Simple, I know – and I’ve read games with similar mechanics, but I don’t think I’ve seen anything quite as explicitly focussed on drama as a measurement. (That said, I’m sure there are some systems out there that do this – just not any I’ve seen.)

This opens up some interesting possibilities, though. For example, to gain drama points, players can define what the central dramas are for their characters – e.g. “I want to overcome my cowardice”; “I want to get revenge on my husband’s killer”; etc. These dramas can then be used to earn Drama Points every time they come up in play. If things go against those goals, the characters are rewarded with Drama Points, which they can later spend on making things go their way later on.

I still need to lay out the possibilities for spending those points. I envisage a mechanical system which is actually relatively harsh, but which is made survivable because the players can use drama to get out of difficult situations. For example, Drama Points could be spent to:

  • “just pass” a task attempt that would otherwise have failed – e.g. hanging on to a cliff by the very tips of the fingers;
  • survive an otherwise fatal blow, but have the conditions of survival be entirely at the GM’s discretion (e.g. Fate Points in WFRP and similar games)
  • be warned before a surprise attack kicks in – “my spidey sense is tingling”
  • buy time for discussion during combat, which might ordinarily be restricted because in-character discussion wouldn’t be possible – but this way the players can set up cool dramatic sequences for the combat, making it more interesting for all concerned.

Essentially, Drama Points could be used to power any and all “cool dramatic effects”.

There are a lot of questions still to be answered – for example, I need to define exactly how they’re spent and earned, and whether there’s any limit on how many points can be moved around in this way. Also some powers (especially e.g. in a superhero game) would probably want to be an innate part of the character’s capabilities rather than needing to be powered by Drama. But it’s a start.

In the next post I’ll expand further on this concept and see if I can flesh out some of these details. Meanwhile, if you know of any games that use something like this already, I’d be really grateful to know about them! That way I can steal their ideas study them for inspiration. Drop a comment in the box below :-)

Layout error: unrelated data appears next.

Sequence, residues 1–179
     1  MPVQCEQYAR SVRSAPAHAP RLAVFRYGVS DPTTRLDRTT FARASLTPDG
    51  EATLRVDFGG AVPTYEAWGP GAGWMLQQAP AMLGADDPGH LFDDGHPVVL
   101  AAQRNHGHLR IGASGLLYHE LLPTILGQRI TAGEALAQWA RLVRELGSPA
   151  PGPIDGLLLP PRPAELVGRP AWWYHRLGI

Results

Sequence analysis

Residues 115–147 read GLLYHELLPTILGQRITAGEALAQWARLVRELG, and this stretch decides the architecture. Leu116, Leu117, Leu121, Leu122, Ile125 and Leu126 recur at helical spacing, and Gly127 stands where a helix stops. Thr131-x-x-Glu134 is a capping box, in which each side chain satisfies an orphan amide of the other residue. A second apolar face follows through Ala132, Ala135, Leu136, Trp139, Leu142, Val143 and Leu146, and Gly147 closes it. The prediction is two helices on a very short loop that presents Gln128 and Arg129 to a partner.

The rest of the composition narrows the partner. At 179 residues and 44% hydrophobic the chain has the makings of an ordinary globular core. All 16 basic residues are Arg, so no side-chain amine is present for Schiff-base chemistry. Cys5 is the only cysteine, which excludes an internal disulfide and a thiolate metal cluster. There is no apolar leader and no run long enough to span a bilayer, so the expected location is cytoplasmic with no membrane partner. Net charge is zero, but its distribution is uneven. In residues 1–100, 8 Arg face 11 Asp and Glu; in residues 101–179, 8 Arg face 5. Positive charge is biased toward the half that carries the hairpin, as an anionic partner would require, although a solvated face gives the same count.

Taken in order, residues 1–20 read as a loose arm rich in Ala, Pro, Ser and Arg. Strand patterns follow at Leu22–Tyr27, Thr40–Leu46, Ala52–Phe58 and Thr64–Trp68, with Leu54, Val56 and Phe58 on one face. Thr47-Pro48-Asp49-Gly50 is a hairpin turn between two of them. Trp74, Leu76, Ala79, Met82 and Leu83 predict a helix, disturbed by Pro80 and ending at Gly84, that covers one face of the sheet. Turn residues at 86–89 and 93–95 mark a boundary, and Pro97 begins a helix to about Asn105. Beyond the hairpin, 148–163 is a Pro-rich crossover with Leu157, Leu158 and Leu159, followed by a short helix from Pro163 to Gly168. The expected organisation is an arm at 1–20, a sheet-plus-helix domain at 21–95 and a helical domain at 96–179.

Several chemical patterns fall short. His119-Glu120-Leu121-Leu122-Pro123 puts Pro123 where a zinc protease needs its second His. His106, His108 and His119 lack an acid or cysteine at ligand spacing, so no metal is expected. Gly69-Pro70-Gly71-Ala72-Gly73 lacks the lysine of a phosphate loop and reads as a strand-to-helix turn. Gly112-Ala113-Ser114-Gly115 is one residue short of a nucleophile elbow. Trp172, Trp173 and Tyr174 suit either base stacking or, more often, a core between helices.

Insert whiny excuse about life getting in the way of blogging here. Now let’s move on.

After much searching, I have found myself. Too pretentious? Yeah, I know. But in fact it’s actually been quite a relief. Hang on a second, I should probably give you some context…

I’ve been reading a load of articles about RPG design (see the last post for a selection), and one of the key concepts I’ve found useful was Ron Edwards’ three suggested Creative Agendas. (Agendae? I’m pretty sure Agenda is plural already, actually. Aaanyway.) The three agendas are the three (he suspects the only three) core reasons why people play a roleplaying game. They are as follows:

  • Gamism – “Social assessment of personal strategy and guts among the participants in the face of risk”;
  • Narrativism – “Commitment to Addressing (producing, heightening, and resolving) Premise through play itself”;
  • Simulationism – “Commitment to the imagined events of play, specifically their in-game causes and pre-established thematic elements”.

The definitions – from the Forge Provisional Glossary – are by necessity quite broad; I’d strongly suggest reading the articles to get a better idea of what they mean. I had to read and re-read before I got it –

But I’m jumping ahead of myself. What I want most from roleplaying games is:

  • a realistic experience of being a person in a different world or situation to my own
  • provided that situation is interesting and/or exciting.

This confused me, because of the following sections from the Forge articles. Firstly, this about Narrativism:

Narrativism is expressed by the creation, via role-playing, of a story with a recognizable theme.

… and this about Simulationism:

The players may be greatly concerned with the internal logic and experiential consistency of that Exploration.

What I read there was Simulationism is about presenting a realistic world (which fits perfectly with my first bullet), and that Narrativism is about producing a story. While a story should be interesting and/or exciting, and hence is related to my second bullet, to me it sounds like more than that – it sounds like a laborious and precise construction with three acts (maybe) and a conclusion and all that jazz. I’m not fussed about that – I just want my experience to be interesting.

Therefore I thought of myself as a Simulationist but a Simulationist who wants to simulate a world where the laws of drama apply, in order to keep things interesting. I was thrilled; I thought I’d discovered a new branch of Simulationism and was about to revolutionise RPG design. Unfortunately not. Something didn’t quite sit right with me – such as this example of “Simulationism overriding Narrativism”: